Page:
Dining Tips for Douchebags

To the two douchebags who decided to give me a “teaching moment” instead of a tip the other night:

First, spending five minutes listing what you perceive to be my service failures within earshot of several other tables is not a “teaching moment”–it’s a deliberate attempt at humiliation. And using the phrase “teaching moment” immediately brands you as a condescending douche, therefore negating everything else you say.

Second, when you begin our interaction by laughing in my face for asking a question about your drink order, I see what kind of customers you’re going to be, and I’m going to de-prioritize you. Then when you complain about the vintage of the wine–not once but twice–and ask for a discount, then gaslight the manager I sent over to placate you by telling her you had no problem with the wine, you’re going to the bottom of the list.

Third, when you demand special glassware and a litany of additional condiments for your FREE bread on a busy weekend night, you’re going to have to wait a little longer while I scrounge up the components of your request.

Fourth, I’m sorry I didn’t see that you were missing some silverware, but having to reach out your hand to grab a knife off the next table isn’t really that traumatic and doesn’t warrant a dressing-down of your server.

Finally, when I nod my head and apologize for all my lapses in service, and tell you I appreciate your feedback, I’m lying. I’m not even really listening because I’m only thinking about seeing to my other tables–the ones with diners who aren’t rude and unreasonable–and getting you out of the restaurant.

And when your behavior is outrageous enough to compel another customer to get up from their table, wait for me to come around the corner, pull me aside and tell me that they overheard the whole exchange and it was not my fault but yours, you have made a spectacle of yourself.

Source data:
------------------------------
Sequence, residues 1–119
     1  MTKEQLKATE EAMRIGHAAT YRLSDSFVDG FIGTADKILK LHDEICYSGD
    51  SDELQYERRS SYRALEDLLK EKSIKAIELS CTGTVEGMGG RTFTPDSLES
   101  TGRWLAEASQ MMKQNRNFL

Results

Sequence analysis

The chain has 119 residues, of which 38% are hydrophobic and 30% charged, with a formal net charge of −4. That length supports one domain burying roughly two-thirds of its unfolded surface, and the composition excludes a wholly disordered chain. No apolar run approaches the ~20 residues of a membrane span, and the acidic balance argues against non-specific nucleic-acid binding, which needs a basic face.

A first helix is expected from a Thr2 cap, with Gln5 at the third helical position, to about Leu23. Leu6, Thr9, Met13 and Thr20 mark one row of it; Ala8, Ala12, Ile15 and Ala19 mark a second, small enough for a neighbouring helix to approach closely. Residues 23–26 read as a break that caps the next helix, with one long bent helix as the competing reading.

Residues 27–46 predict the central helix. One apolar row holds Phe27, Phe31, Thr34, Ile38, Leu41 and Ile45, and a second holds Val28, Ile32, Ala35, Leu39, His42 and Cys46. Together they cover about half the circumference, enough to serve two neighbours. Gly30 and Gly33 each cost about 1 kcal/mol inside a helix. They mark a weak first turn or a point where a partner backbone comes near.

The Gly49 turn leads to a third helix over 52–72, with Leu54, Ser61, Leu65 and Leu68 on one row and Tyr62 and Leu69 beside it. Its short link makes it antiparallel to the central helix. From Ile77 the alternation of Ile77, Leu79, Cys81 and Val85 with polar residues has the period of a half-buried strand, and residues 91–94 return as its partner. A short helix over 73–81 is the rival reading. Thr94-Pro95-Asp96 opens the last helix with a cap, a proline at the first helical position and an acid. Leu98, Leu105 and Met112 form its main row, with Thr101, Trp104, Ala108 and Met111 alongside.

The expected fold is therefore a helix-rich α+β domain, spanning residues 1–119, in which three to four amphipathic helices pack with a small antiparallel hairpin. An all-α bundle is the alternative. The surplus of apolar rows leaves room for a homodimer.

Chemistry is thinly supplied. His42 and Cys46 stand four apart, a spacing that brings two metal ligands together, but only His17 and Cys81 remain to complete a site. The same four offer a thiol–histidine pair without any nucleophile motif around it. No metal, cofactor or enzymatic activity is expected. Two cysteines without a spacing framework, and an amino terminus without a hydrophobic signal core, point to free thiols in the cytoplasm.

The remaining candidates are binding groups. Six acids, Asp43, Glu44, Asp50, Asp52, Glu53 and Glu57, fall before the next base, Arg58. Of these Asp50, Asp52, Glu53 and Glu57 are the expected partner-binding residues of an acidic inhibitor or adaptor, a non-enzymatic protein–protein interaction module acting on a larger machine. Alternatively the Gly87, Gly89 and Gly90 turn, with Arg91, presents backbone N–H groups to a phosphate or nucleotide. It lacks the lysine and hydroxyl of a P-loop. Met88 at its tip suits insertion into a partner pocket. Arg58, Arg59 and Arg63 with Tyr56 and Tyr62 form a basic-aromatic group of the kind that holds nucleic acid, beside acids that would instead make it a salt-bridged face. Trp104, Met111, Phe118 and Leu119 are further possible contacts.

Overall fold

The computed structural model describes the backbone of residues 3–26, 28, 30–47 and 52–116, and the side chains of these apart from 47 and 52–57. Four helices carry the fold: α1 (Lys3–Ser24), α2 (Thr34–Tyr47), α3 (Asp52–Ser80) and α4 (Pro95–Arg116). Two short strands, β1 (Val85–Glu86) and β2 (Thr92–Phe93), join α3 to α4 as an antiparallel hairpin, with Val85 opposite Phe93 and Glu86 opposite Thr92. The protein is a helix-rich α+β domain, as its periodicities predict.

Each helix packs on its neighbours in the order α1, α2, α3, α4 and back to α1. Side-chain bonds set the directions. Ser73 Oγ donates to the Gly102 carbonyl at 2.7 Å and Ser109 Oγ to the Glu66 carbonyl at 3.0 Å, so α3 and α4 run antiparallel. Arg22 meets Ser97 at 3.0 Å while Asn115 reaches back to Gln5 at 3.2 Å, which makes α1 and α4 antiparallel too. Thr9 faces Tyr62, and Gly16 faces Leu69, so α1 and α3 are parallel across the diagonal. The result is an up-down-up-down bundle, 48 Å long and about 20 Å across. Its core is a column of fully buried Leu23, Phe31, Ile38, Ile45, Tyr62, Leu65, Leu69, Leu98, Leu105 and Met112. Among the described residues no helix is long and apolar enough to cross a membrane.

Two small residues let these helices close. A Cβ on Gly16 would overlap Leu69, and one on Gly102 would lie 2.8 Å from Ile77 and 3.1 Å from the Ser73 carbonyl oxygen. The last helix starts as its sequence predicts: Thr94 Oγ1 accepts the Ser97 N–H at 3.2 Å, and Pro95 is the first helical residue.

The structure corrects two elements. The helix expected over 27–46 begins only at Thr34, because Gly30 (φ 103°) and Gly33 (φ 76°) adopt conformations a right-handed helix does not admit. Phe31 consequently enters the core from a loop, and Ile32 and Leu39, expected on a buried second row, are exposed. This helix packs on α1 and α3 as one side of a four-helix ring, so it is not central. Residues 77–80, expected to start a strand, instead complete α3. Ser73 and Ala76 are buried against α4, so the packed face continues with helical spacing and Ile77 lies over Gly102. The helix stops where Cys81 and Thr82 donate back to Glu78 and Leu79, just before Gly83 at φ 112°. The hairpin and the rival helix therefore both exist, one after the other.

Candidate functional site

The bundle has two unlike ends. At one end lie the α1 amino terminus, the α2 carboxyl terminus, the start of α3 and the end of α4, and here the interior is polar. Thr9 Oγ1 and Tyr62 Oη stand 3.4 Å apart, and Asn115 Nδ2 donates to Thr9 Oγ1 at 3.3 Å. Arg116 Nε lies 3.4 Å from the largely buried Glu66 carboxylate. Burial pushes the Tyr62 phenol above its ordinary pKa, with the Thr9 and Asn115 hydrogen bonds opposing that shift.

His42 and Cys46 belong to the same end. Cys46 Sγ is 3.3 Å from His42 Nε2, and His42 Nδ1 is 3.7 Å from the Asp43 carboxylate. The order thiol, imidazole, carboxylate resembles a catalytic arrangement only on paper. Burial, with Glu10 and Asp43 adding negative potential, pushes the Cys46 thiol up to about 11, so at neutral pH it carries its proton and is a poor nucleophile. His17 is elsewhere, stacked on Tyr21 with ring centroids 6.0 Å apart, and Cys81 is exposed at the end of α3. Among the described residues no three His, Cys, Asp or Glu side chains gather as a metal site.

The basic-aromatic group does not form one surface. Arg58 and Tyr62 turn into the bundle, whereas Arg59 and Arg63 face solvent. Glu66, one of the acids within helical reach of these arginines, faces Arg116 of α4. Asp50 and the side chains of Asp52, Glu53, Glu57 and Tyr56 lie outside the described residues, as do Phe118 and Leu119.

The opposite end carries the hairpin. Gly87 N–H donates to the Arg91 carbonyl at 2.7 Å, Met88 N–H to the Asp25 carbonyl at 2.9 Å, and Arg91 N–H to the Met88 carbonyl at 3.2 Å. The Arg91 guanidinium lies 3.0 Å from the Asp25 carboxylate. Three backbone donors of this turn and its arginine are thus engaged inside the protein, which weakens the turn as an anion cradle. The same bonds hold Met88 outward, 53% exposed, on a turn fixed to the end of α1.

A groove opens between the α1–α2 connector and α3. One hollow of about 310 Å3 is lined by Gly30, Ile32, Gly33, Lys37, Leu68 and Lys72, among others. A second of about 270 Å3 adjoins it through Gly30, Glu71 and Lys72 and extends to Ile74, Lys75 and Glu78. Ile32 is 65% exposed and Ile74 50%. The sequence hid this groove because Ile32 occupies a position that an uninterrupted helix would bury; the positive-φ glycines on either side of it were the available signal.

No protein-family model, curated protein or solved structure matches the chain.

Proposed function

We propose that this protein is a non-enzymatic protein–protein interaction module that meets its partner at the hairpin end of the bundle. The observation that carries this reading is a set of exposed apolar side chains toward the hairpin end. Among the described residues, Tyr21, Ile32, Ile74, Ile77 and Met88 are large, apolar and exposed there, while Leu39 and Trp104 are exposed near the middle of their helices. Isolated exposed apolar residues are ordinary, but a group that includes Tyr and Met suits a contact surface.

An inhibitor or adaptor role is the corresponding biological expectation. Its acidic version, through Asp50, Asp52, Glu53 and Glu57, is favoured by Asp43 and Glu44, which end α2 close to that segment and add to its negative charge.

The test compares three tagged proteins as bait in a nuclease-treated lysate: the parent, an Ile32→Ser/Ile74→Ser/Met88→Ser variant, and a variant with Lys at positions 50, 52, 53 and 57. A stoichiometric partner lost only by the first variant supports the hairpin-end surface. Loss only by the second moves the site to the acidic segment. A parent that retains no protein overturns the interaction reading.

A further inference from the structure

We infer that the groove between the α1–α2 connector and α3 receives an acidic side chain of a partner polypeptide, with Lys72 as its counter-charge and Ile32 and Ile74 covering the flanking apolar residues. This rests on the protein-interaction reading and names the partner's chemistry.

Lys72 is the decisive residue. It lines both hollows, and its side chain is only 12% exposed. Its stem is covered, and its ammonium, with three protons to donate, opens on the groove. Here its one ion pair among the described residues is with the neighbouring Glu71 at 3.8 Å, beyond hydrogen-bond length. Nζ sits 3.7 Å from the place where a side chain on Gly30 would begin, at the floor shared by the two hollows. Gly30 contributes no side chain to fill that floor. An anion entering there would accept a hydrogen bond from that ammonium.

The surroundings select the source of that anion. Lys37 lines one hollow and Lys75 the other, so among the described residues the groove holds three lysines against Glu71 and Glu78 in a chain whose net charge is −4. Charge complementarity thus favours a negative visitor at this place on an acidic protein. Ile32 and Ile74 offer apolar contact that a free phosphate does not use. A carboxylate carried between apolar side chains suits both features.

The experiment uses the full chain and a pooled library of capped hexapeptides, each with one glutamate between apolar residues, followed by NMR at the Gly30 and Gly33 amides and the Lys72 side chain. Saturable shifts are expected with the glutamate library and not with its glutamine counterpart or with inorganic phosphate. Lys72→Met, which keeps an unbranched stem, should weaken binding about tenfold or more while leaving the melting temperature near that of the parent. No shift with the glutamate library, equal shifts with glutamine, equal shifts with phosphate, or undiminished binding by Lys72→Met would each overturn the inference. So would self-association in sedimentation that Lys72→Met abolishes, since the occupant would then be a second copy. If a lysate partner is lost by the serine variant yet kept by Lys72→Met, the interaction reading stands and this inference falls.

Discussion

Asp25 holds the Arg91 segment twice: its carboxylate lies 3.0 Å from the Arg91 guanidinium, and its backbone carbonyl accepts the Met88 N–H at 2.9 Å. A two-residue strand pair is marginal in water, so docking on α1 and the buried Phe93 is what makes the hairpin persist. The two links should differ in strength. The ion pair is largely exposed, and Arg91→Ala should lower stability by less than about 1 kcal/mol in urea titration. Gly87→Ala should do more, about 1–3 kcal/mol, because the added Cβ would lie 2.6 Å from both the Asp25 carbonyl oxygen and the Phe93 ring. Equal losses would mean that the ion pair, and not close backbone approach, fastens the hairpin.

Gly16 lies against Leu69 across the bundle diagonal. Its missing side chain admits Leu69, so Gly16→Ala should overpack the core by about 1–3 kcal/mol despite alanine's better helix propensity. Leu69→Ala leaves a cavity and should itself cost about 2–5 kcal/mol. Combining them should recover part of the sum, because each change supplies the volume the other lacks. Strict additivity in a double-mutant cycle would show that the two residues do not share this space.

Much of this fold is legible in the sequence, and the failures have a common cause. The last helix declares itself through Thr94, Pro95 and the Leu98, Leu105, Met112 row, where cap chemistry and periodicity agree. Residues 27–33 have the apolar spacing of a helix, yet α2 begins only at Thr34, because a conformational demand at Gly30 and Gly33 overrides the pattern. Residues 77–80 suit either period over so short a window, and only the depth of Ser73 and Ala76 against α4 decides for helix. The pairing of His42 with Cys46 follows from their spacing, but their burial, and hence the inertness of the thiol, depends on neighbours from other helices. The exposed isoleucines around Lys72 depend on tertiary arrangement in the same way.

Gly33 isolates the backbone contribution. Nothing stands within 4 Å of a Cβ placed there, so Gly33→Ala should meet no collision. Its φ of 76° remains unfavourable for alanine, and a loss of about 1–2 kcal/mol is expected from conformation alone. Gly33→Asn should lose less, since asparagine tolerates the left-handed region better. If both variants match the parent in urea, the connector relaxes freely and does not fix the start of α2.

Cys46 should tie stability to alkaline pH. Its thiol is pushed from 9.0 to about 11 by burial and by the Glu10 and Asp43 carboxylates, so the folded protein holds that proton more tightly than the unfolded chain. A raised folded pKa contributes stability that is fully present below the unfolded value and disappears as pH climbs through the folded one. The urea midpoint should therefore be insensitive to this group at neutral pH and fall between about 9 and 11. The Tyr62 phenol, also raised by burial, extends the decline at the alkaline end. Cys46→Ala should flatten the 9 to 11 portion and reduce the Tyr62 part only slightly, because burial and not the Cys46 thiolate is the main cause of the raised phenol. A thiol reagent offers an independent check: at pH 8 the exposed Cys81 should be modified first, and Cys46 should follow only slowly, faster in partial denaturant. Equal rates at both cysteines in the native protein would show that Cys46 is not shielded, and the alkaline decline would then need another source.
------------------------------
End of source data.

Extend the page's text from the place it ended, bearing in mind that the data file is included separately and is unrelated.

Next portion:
So you’re right–you didn’t get the best possible service, but here is a “teaching moment” for you. When you act like a douchebag, your service is going to suffer. Restaurants are full of personable customers who are a pleasure to wait on, and they will always get priority over a condescending jerk. Asking for special accommodations or off-the-menu items doesn’t make you a douche. Complaining about your food or the service you receive doesn’t make you a douche. Your attitude does.

Here are some tips you can use to ensure your next dining experience is a better one:

  1. Don’t laugh in your server’s face for attempting to clarify your order
  2. Understand that when you make special requests, fulfilling them may take a little extra time
  3. Don’t complain about your food in an effort to get a discount, then clean your plate
  4. Realize there is an actual human being lurking beneath your server’s servile facade; we are there to accommodate you, but are not required to take your abuse
  5. A nice customer is almost always right; a douchebag is mostly wrong

It’s pretty simple, really. Just follow the old adage “you catch more flies with honey than you do with vinegar,” and you’ll get your balsamic vinegar a lot faster.






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